Tag Archives: parenting bullying MeganMeier suicide deception

Overprotective parenting and bullying: Who is to blame for the suicide of Megan Meier?

Many people have asked me why I have not addressed the Megan Meier story that broke over the last month. I admit that I’ve been extremely bothered by the stories and the implications of an adult bullying a child through mediating technology. That said, I suspected that the press wasn’t telling the full story. Like all coverage of horrible events, the press focused on what made the story juicy rather than trying to paint a complicated picture of what led to the event. I grew up in a town where a teen murder captured everyone’s attention (and turned into a made-for-TV movie). It took years and uncountable appeals before we had a decent picture of what actually happened and, during that time, the stories on the street were far different from what the press was covering. Thus, I wanted to wait until I knew more.

For those who are not familiar with the Megan Meier story, let me create a brief overview of what has been commonly covered in the press. Megan (13, St. Louis) had a MySpace profile when a cute boy “Josh” (16) begins courting her. All is well until Josh breaks up with her online by sending cruel messages about how she hurts her friends, is fat and a slut, and “the world would be a better place without you.” Shortly after reading this, Megan commits suicide. Josh turns out to be a fake profile created by Lori Drew, the mother of one of Megan’s former friends. Police investigate, no charges are filed.

Because the story taps into every parent’s worst fear and the paranoia over the internet, the press have been saying all sorts of things. Yet, never was there a response from the woman who admitted to creating Josh, most likely because she was forbidden from speaking out as police work out whether charges are to be filed. Then, this morning, I learned that someone who identifies as Lori Drew posted an explanation on a blog called “megan had it coming”. Given the title of the blog, I had serious doubts that this was legitimate but upon reading the post, I think it actually might be.

(Update: Lori Drew’s lawyers have said that Drew is not the writer of the blog. Thus, what follows is an interpretation of what an unknown person purporting to be Lori Drew said and should be taken with a grain of salt. The broader discussion of parenting today is still relevant.)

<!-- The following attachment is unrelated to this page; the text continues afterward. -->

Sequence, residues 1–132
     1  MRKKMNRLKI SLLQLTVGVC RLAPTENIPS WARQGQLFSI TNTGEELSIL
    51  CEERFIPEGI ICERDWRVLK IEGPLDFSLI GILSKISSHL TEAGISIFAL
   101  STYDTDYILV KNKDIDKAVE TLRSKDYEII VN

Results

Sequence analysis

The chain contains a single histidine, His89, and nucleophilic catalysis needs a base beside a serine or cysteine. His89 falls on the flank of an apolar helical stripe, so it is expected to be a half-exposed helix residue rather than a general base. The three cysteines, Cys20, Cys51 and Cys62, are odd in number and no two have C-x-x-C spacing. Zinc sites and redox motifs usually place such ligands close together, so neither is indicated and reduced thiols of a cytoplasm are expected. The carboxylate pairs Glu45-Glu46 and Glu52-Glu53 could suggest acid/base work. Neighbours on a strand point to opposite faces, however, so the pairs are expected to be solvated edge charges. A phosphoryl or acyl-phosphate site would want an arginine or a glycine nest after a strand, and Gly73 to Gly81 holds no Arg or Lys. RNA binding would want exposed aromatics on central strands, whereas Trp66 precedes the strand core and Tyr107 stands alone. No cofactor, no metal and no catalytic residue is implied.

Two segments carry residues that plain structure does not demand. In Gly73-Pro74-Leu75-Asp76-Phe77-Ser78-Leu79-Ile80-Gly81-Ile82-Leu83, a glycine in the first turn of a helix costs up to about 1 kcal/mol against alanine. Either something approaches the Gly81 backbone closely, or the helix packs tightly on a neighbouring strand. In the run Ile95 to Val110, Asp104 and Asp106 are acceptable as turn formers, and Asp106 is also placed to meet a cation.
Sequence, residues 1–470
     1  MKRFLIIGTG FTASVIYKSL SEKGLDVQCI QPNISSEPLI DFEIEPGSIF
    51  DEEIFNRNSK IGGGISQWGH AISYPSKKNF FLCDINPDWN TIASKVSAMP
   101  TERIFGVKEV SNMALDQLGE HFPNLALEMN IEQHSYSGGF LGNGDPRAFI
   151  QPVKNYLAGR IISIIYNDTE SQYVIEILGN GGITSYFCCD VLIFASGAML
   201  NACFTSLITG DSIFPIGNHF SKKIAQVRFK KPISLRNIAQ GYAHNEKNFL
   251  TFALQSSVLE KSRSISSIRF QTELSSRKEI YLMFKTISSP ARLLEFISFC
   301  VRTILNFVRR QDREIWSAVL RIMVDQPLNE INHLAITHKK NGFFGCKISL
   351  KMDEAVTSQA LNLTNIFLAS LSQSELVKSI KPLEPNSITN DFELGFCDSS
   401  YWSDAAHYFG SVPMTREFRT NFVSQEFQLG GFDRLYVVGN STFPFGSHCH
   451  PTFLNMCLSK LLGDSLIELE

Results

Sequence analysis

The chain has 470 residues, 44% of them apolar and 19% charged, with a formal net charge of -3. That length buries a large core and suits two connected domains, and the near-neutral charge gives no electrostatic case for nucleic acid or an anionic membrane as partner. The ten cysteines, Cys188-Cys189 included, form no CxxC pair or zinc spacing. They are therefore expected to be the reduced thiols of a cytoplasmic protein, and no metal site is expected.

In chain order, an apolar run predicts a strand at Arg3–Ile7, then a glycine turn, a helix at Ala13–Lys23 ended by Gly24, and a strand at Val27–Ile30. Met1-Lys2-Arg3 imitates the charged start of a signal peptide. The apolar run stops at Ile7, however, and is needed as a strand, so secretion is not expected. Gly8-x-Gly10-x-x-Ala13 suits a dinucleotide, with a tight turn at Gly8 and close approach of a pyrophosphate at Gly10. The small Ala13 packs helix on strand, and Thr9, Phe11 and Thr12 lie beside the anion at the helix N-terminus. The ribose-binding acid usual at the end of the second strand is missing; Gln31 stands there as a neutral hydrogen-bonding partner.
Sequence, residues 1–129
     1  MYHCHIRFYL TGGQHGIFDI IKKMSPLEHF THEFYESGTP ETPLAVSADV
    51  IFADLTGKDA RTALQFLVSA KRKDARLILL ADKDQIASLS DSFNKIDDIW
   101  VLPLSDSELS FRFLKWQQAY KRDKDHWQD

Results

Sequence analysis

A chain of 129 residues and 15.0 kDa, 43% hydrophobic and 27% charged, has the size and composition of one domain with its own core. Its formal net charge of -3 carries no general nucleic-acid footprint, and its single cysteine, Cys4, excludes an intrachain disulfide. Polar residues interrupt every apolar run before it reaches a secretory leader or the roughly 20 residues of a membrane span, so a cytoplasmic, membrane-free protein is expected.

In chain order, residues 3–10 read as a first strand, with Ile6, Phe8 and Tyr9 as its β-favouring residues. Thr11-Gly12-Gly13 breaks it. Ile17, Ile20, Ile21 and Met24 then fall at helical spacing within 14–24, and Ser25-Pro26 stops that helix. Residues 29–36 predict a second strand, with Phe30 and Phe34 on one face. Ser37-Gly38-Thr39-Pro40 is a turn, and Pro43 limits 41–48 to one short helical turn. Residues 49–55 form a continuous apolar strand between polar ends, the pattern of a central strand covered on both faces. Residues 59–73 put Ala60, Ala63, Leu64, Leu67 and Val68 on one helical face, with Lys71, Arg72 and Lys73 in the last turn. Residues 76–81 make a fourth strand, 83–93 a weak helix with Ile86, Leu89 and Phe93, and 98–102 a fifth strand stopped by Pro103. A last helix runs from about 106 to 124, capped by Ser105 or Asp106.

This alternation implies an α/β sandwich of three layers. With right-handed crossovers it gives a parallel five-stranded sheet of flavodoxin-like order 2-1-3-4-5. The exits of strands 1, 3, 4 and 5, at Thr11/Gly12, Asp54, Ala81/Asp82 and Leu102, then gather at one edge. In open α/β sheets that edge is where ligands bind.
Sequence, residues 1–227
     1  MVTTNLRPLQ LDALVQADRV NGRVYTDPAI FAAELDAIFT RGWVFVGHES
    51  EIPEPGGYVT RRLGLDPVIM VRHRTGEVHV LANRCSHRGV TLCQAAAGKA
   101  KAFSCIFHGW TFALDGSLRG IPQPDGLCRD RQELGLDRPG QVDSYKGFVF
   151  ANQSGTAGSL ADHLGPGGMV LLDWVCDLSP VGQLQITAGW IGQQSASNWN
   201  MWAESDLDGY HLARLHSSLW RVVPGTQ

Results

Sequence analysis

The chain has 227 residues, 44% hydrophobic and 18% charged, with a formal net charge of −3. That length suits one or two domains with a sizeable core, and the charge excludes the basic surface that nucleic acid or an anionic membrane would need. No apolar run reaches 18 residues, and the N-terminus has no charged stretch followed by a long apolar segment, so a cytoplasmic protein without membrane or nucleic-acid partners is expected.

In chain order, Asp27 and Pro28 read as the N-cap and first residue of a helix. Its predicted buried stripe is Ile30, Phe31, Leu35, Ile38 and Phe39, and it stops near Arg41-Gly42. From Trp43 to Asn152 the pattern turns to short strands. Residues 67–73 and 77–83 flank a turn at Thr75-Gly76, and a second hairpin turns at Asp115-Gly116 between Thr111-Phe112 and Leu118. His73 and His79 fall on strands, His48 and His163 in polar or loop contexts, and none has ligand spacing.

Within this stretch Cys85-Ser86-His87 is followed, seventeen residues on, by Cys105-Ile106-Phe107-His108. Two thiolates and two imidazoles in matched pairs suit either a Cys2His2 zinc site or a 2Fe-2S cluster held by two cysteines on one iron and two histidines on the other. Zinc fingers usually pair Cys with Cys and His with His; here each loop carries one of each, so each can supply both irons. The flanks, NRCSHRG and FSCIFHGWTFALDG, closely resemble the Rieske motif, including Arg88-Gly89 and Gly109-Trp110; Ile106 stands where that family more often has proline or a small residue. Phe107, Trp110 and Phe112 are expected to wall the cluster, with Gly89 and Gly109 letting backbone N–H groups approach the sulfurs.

What we learn is that Lori viewed her acts as protective of her child who she believed was the victim of Megan’s dark side. She thought she was teaching Megan a lesson and never imagined the consequences of her efforts to give Megan a taste of her own medicine. Because of earlier incidents involving her daughter, she had no love for Megan and no respect for Megan’s parents who she felt were unable to see the dark side of their daughter. Step into this mother’s shoes and it’s easy to understand her logic and why, from her POV, she took the steps that she did. At the same time, her perspective signals some absolute failures in American society, our ability to rationally communicate, and Lori’s inability to imagine potential costs of her decisions.

Much to my dismay, parenting today seems to require absolute belief that you’re child is the best child ever. Many parents think that their child can do no wrong and, thus, are unable to hear critiques of their own children. In some ways, it’s not surprising… people have fewer kids (who are mostly wanted thanks to birth control), inhabit single family homes, and live in a nurture-centric world where their children reflect on them at every level. Doubting one’s child means doubting oneself.

The result of our child obsession is that parents are overprotective. They want to cushion their children from every scratch and get involved in every incident that makes their children feel emotional or physical pain. This is precisely what causes parents to call schools when their child gets a B or ring up other parents when something mean is said on the schoolyard or other symptoms of “helicopter parenting.” Children are not encouraged to struggle through the feelings of pain and hurt and find a solution; instead, parents are expected to get involved and fix it and most enter the ring voluntarily. In these environments, there’s no social solidarity amongst parents and parents are unable to hear criticism about their child. Instead, such critiques are viewed as attacks and are used as weapons when parents want others to control their children their way.

Reading between the lines, I get the sense that Megan was emotionally all over the place (for whatever reasons – an actual issue or just plain puberty). She was struggling to negotiate friendships and she had a mean streak when she was depressed. She wasn’t the cool kid and she was struggling to fit in and made poor judgments about how to handle friendships. She wanted someone to love her and make her feel cool and important. Frankly, it seems like pretty normal middle school tumultuousness, but we live in a culture that can’t accept rough edges. Maybe meds would’ve stabilized her, maybe her self esteem would’ve improved without the braces, or maybe and most importantly, it was just a matter of time. But as anyone who was not that cool in school can tell you, middle school sucked. It’s ground zero for learning how to negotiate social interactions and many mistakes are made. This is when bullying and boy/girl-dynamics and other dramas really come to the forefront. It’s awful, it’s hell. Yet, the responsibility of a parent of a tween is not to try to fix all painful situations, but to teach their child how to negotiate them responsibly. This is much harder than fixing things and it’s challenging for Type A parents who desperately want their kids to turn out OK. But no good comes of kids not learning coping mechanisms and relying on parents to fix every social issue.